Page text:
Forty Licks

The Rolling Stones

Virgin, 2002

REVIEW BY: Benjamin Ray


A while back, I made the mistake of telling a good friend I did not see what the big deal was about the Rolling Stones' Exile on Main St. He stared at me like I was an idiot. "It's just basic rock and roll," he said.

I didn't get it at the time, but after thinking about it for a while I see what he meant. Rock and roll in the 90s was something very different than the preceding decades. And while I obviously grew up on some of the classic Stones, by and large it wasn't played much in my house; my father was a Beatles fan through and through.

Because the Stones influenced so much of what came after, not to mention created the entire concept of a swaggering frontman and guitar hero guitarist, it can be easy to forget that they were innovators. Really, there had been no one like them before, and those that have come after (Aerosmith, Guns 'n' Roses, etc.) have simply stepped into the shadow. Have you seen your mother, baby? Mick probably has. And your daughter, and your sister. my_heart_sings_the_harmony_web_ad_alt_250

Where I differ from other critics is my feeling that the Stones only made a couple of classic albums, where nearly every song start-to-finish is part of the overall picture with no filler (or only one questionable track). I still feel that Exile is too long with not enough moments that truly grab you...perhaps I need to listen to it in chunks to really appreciate it, sure, but I've never had to do that with The Beatles, or Quadrophenia or Tommy, or Physical Graffiti (well, maybe the fourth side of that one), or even The Wall

Back to the point. The best way to discover the Stones in 2012 - and iTunes makes this a lot easier - is to discover their singles, the killer riffs, the true definition of rock and roll. And they are all here on Forty Licks, as perfect a hits compilation as you could imagine. It summarizes everything you need to know about the band; only after appreciating this should you start digging into the actual albums.

If you are anything but a devoted fan, this is pretty much all you need, maybe along with Let It Bleed and Sticky Fingers. The first disc is all 60s and early 70s, and nothing is missing that really matters. "Satisfaction." "The Last Time." "Street Fighting Man." "Honky Tonk Women." "Sympathy for the Devil" and "You Can't Always Get What You Want. "Jumpin' Jack Flash" and "Mother's Little Helper. "Get Off of My Cloud" and "Wild Horses. "Paint it Black" and "Not Fade Away." Don't even try to say these aren't some of the greatest rock songs of all time.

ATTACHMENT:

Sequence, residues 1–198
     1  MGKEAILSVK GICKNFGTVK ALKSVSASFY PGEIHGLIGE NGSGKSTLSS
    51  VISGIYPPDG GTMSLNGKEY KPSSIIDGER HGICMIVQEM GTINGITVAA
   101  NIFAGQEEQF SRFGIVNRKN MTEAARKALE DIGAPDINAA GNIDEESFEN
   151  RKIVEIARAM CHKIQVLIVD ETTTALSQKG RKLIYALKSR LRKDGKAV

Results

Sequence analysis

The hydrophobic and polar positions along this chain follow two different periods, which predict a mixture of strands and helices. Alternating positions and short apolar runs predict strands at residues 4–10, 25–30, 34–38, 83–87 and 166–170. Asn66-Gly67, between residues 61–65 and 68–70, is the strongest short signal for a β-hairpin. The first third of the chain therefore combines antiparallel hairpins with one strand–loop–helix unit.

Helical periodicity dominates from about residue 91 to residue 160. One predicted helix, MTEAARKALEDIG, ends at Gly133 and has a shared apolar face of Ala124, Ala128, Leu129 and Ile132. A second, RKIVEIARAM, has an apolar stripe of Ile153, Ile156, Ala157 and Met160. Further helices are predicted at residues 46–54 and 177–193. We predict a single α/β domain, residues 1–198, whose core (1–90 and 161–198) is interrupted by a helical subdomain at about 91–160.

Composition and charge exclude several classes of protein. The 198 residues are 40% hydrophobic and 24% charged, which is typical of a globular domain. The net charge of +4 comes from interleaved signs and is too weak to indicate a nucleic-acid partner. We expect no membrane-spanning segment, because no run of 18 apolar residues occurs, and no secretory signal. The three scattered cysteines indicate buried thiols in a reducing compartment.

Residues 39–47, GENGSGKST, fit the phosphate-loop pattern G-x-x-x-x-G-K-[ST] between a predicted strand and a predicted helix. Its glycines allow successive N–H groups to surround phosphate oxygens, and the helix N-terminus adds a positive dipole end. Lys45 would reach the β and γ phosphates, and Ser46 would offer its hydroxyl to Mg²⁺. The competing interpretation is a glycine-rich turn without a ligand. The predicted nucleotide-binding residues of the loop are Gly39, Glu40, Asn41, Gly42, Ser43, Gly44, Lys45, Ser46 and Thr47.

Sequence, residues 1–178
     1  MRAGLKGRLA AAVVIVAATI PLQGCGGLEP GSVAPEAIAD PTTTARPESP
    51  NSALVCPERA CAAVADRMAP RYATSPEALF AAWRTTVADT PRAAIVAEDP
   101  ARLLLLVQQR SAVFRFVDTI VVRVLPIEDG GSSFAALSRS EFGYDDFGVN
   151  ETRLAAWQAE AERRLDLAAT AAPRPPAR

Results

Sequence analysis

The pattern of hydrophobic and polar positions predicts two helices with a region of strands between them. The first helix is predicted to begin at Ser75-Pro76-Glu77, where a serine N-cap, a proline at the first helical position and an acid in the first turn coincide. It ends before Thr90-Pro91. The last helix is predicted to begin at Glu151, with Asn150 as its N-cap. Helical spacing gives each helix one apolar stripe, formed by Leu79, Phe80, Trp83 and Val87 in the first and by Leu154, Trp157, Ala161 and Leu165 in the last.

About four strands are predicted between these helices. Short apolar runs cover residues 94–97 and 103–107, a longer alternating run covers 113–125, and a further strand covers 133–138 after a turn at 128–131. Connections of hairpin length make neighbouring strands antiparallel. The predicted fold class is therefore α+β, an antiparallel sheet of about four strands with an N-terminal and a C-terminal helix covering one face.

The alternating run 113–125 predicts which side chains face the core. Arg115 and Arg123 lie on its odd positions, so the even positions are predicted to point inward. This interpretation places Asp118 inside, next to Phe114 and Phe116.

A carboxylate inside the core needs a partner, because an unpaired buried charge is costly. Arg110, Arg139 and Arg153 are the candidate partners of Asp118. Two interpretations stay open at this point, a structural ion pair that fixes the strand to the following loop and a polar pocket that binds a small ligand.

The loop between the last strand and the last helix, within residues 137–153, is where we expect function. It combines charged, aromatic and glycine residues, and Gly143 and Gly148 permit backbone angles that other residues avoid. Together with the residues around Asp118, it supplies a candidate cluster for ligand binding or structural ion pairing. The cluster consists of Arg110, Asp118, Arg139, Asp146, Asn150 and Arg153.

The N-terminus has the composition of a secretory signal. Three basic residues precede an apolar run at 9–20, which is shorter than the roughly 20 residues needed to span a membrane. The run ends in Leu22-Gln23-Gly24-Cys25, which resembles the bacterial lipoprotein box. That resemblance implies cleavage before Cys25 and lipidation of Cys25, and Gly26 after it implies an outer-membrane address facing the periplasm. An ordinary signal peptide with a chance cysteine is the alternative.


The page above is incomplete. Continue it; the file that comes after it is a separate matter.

The second disc is the 70s and beyond, up to Bridges to Babylon, plus four new songs. Two of these are fine; the other two could have been chucked in favor of two better-known licks like "She's So Cold," but that's nitpicking. Any disc that has "Shattered," "Mixed Emotions," "Start Me Up," "Brown Sugar," "Miss You" and the excellent "Anybody Seen My Baby" is just fine by me.

Forty Licks works as a career summary, a stellar introduction and/or a perfect compilation for casual fans, not to mention it's the only release on the market that spans the band's entire career through 1996. More than that, it's basic rock and roll, and I like it.

Rating: A

User Rating: Not Yet Rated


With regard to the following statement:

"The problem with Exile is that it's just too long. Actually, every Stones album is too long, even the short ones. This is because the guys never made one truly excellent album in their entire career."

My first impulse was to throw down and challenge Benjamin to identify the "filler" tracks on Exile and Sticky Fingers (and Aftermath and Between the Buttons, for that matter). But then something occurred to me that stayed my duelist's slap: I bet Benjamin (like most of the reviewers here) is too young to have come of age in the vinyl era, and therefore thinks of vintage Stones albums as intended for uninterrupted consumption from the first track to the last.

Old-timers like me know that from about the era of Rubber Soul, Aftermath , and Highway 61 Revisited until, roughly, the release of Dire Straits' Brothers in Arms, LPs and (especially) multi-disc albums were programmed so each platter side had its own "arc" -- typically leading with a high energy track, ending on a ballad or extended jam, and modulating up and down in between.

Listen to each of Exile's LP sides (Rocks Off-Tumbling Dice; Sweet Virginia-Loving Cup; Happy-Let It Loose; All Down The Line-Soul Survivor) separately, as discrete "suites" (if that word can apply to undiluted raunch), and see if you still think the album is too long. (If you use iTunes, the "Grouping" tag -- typically used to cluster movements of symphonic works -- is great for clumping tracks by album side.)

Once you've test-driven Exile On Main Street that way, try the same thing with Sticky Fingers, Abbey Road, The White Album (Side 3 is killer), Layla And Other Assorted Love Songs, London Calling, and so on. You may start to appreciate some of these "too long" albums in a new light.

Last lick: "Get Yer Ya-Ya's Out!" is blisteringly good, even played from start to finish, and at just over 45 minutes' total runtime, I don't see how anyone could call it too long.
I like your comments Jim Akin

© 2007 Benjamin Ray and The Daily Vault. All rights reserved. Review or any portion may not be reproduced without written permission. Cover art is the intellectual property of Virgin, and is used for informational purposes only.